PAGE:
This is the first article in an ongoing series that will introduce the concepts of risk management. The articles and series will be based on the ISO 31000 standard for risk management (at least the initial articles will) and the discussion about risk management in these articles can be applied in any industry and for any subject--finances, supply-chain management, brand reputation, talent recruitment and retention, market share, occupational safety and health, supply-chain management, and more (this is known as enterprise risk management).
If you're new to risk and risk management, we hope that the articles in this series will demystify the field to you and show you the opportunities that taking a risk-based approach can offer in a variety of applications.
Please let us know if you have any questions you'd like us to address in future Risk Management Basics articles, and of course do use the comments section if you'd like to chime in with your own knowledge, thoughts, and experiences.
The ISO 31000-2018 standard, Risk Management--Guidelines, lists the following eight principles for any solid risk management program (see 31000-2018, Section 4, Principles):
Let's look at each a little more closely.
An organization should integrate its risk management efforts into all parts and activities of the organization.
Structured and comprehensive
Creating and following a comprehensive, structured risk management approach leads to the most consistent, desirable risk management outcomes.
An organization's risk management approach should be customized to their own needs, including the organization's objectives and the external and internal context in which the organization operates.
To be most effective, risk management should involve all stakeholders in appropriate and timely ways. This allows the different knowledge sets, views, and perceptions of all stakeholders to be considered and implemented into risk management efforts.
As the organization changes, including its external and internal context, the organization's risk management program and efforts should change, too. Change is inevitable and successful organizations know how to work with change. A risk management program should help the organization anticipate, identify, acknowledge, and respond to changes in an appropriate and timely way.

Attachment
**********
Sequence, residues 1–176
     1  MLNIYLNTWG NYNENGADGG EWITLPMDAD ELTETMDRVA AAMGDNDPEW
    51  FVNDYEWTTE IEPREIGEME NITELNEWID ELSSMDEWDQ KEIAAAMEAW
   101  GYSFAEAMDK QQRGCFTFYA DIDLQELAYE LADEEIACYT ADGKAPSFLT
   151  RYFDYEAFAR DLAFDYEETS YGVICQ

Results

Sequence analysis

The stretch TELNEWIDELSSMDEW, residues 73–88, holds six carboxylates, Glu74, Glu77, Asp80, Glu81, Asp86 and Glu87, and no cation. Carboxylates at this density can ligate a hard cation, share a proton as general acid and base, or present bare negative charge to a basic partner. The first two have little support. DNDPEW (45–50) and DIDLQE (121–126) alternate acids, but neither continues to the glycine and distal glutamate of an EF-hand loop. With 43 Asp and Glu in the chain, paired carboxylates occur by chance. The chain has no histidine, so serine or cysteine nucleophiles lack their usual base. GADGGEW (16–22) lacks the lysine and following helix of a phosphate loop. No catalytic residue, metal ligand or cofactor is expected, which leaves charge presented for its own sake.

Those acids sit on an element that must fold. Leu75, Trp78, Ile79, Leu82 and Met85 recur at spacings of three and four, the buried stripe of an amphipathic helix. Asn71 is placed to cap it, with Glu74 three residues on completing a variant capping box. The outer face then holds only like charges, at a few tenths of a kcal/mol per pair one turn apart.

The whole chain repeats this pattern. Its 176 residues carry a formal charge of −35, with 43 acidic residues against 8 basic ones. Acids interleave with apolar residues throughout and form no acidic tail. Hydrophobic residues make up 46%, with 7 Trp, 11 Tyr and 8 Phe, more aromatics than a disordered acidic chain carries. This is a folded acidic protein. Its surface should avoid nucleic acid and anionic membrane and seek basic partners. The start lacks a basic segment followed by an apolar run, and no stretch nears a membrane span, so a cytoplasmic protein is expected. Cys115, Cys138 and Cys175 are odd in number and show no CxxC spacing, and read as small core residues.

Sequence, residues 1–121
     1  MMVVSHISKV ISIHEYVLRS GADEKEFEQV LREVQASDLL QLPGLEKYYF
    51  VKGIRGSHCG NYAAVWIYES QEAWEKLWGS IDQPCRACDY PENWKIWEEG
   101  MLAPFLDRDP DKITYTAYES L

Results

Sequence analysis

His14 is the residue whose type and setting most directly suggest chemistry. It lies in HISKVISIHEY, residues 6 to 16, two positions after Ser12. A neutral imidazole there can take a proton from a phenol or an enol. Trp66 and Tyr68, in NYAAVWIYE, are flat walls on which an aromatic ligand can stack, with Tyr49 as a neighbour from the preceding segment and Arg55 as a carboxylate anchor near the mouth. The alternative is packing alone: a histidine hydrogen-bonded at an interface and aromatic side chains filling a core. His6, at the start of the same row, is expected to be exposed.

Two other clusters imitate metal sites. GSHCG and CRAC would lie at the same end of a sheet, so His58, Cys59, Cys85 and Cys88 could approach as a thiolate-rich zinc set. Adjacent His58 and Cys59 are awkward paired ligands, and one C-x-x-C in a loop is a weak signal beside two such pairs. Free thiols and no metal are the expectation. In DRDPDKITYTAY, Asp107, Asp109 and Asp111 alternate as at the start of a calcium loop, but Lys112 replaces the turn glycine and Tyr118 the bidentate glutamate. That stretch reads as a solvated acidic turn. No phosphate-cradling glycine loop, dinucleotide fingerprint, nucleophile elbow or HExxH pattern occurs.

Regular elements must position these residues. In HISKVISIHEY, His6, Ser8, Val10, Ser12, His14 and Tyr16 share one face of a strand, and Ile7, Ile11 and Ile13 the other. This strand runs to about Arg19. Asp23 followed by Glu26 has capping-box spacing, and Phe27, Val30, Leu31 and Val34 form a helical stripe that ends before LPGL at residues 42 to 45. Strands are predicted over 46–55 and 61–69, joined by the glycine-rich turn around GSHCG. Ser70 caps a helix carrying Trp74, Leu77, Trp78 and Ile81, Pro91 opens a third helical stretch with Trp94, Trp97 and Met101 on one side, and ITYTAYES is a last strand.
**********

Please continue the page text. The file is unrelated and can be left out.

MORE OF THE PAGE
Uses best available information
Effective risk management is done by considering information from the past and present as well as anticipating the future. Therefore, (1) the information from the past and present must be as reliable as possible, and (2) risk managers must consider the limitations and uncertainities with that past and present information. All relevant stakeholders should receive necessary information in a timely and clear manner.
Considers human and culture factors
Risk management is a human activity and it takes place within one or more culture (organizational culture, etc.). Risk managers must be aware of the human and culture factors that the risk management effort takes place in and know the influence that human and culture factors will place on the risk management effort.
Practices continual improvement
Through experience and learning, risk managers must strive to continually improve an organization's risk management efforts.
Of course, you can hang tight for the next article(s) in our Risk Management Basic Series, but here are some additional resources for you if you want to kickstart your risk management awareness.
Stay tune for more Risk Basics articles and let us know all your risk management questions.
Although risk management techniques can be used in any industry and for any subject matter, we DO create a lot of tools for safety, including online EHS training courses and an online incident management system, so we've got a free Guide to Using Risk Management for Occupational Safety and Health Management for you below--download it and getting started on your risk-based occupational safety efforts today.
Download this free guide to using risk management for your occupational safety and health management program.